More innocent times
Looking back 35 years and one day to a tragedy, and the vision of those who perished.
Author’s note: this article was originally published January 30, 2016 in the Houston Home Journal.
I remember January 1986 very well. That winter, I flew a Cessna 172 from Beverly, Mass. to Fort Myers, Florida. I split left-seat duties with my pilot friend while my brother Jay (mostly) relaxed in the back. I could tell you a bunch of stories from that flight (frozen pitot tube on the coldest day possible leaving Beverly, and losing electric generator over Savannah being the most memorable). I also remember watching the Patriots and Steve Grogan beat the Jets from Myrtle Beach, S.C. (first Patriots playoff win since I was born).
Then we got to Florida and had a glorious time. I got my seaplane rating in Winter Haven, hung with my brother and my folks in Fort Myers, and then Jay and I decided to go watch a shuttle launch. We had never seen one.
On January 5th, we trekked over to Melbourne and spent the night at a motel, then got to the causeway viewing area right outside the Canaveral AFS gate early, early on the 6th. We sat along with a few thousand others who brought RV's and Hibachi grills to watch the show. NASA's launch broadcast was piped over everyone's radio. They were particularly focused on mentioning the short launch window for the day, which expired just minutes after the scheduled launch time.
As the countdown got to T minus 31 seconds, Columbia's onboard computers were to take over from launch control. And the countdown stopped. We waited for NASA to tell what what happened (and so did the crew).
“We came back; don’t remember the date. But came back out, got in, and that time we got down to thirty-one seconds, and one more time things weren’t right,” future NASA Administrator Charles Bolden recounted about that launch. “There had actually been a probe, a temperature probe that in the de-fueling, they had broken the temperature probe off, and it had lodged inside the valve, keeping the valve from closing fully.”
“So that would have been a bad day. That would have been a catastrophic day, because the engine would have exploded had we launched,” Bolden concluded.
As for Jay and I, we realized that NASA reset the launch clock to 20 minutes, which put the launch outside the window for the day, about the same time 10 thousand other people realized the same thing. We got in our car and spent the next three hours in traffic getting out of Cocoa Beach. I remember saying "That's the last time I'll ever watch a shuttle not launch.” I never tried again.
Considering Bolden’s comments, I'm glad I didn't see it. But I have some inkling of how those poor souls who witnessed, just 22 days later, Challenger's fiery demise felt. I followed STS-51-L closely, because I was from New Hampshire. Christa McAuliffe, first teacher to (attempt to) fly in space, was on that flight, and she was from New Hampshire--so we were all watching and cheering for her.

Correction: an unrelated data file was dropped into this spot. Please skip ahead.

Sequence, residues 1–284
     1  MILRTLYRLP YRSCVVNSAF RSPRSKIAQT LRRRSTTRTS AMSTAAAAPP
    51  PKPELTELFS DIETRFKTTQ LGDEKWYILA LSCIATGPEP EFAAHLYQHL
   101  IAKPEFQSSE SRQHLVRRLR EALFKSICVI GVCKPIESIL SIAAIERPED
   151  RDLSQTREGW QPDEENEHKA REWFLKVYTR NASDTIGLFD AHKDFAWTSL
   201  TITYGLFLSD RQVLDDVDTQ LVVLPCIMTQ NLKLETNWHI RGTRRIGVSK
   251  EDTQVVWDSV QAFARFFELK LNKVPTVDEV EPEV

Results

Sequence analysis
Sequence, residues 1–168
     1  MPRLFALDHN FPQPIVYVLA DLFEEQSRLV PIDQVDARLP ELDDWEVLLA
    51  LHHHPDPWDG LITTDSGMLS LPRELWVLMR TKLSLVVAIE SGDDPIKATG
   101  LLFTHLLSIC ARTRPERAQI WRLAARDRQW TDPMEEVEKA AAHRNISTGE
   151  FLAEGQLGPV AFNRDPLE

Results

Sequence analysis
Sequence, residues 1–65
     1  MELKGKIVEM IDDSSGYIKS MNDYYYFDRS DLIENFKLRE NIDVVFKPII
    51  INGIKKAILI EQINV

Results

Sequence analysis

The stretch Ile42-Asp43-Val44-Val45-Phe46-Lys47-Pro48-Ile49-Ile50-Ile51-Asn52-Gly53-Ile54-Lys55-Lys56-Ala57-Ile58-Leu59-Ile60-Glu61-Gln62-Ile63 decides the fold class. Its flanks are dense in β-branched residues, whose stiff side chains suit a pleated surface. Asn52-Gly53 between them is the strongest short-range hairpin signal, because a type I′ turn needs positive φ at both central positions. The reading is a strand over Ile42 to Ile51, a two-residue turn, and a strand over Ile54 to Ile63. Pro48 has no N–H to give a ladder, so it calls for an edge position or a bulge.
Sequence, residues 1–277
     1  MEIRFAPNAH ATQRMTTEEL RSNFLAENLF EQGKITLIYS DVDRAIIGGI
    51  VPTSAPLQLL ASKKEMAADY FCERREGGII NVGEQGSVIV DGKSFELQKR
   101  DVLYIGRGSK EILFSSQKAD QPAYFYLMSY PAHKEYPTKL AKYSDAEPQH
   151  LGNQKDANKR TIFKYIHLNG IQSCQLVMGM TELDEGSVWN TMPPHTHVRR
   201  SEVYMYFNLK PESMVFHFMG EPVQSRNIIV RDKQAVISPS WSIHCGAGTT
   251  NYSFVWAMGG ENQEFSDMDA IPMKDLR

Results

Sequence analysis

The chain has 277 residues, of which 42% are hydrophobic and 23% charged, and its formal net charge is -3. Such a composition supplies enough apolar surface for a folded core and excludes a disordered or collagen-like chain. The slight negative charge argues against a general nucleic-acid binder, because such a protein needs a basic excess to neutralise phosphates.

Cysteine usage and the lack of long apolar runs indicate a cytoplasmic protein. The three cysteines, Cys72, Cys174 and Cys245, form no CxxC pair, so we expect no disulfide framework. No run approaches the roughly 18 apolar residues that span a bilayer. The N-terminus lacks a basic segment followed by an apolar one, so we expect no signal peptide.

I was back in classes at the University of New Hampshire's Durham campus when Challenger exploded. I was sitting at the "MUB"--the student union building--grabbing lunch when a friend walked in and told us that the shuttle had exploded. "Not funny!" we all said. But it was true. We ran to the TV room and saw the smoke trail. The news was playing the explosion over and over again. It was burned into my brain.
To this day, I can't see video of that launch without getting chill bumps. It's painful to watch.
We were living in more innocent times then. We'd never lost a shuttle crew before--nobody had died on a space mission since the Apollo I astronauts perished on the pad during a test run--when I was just a baby.
Looking back, I realize just how dicey a thing flying in space is. The shuttle was the most complex machine ever devised by mankind, and we flew 5 of them a total of 135 times, launching 833 people on top of two enormous Roman candles. We lost 40 percent of the fleet and 14 souls to this adventure.
To those whose spirit of adventure exceeded their fears, knowing what the rest of us didn't know in those innocent days, I tip my hat in respect. We will, once again, launch Americans from American soil*. But the innocence is over. It perished in the explosion that day just over 30 years ago above the space coast of Florida.
Note: At the time I wrote this, we had not launched Americans from American soil. Of course, now, we have, and not just at the whim of ego-centric billionaires, but in the dead-serious will of another billionaire, Elon Musk and SpaceX. We have reason to capture that spirit of adventure again, but the news cycle moves so fast in our very online world, that we tend to fail to hold on to it when it comes.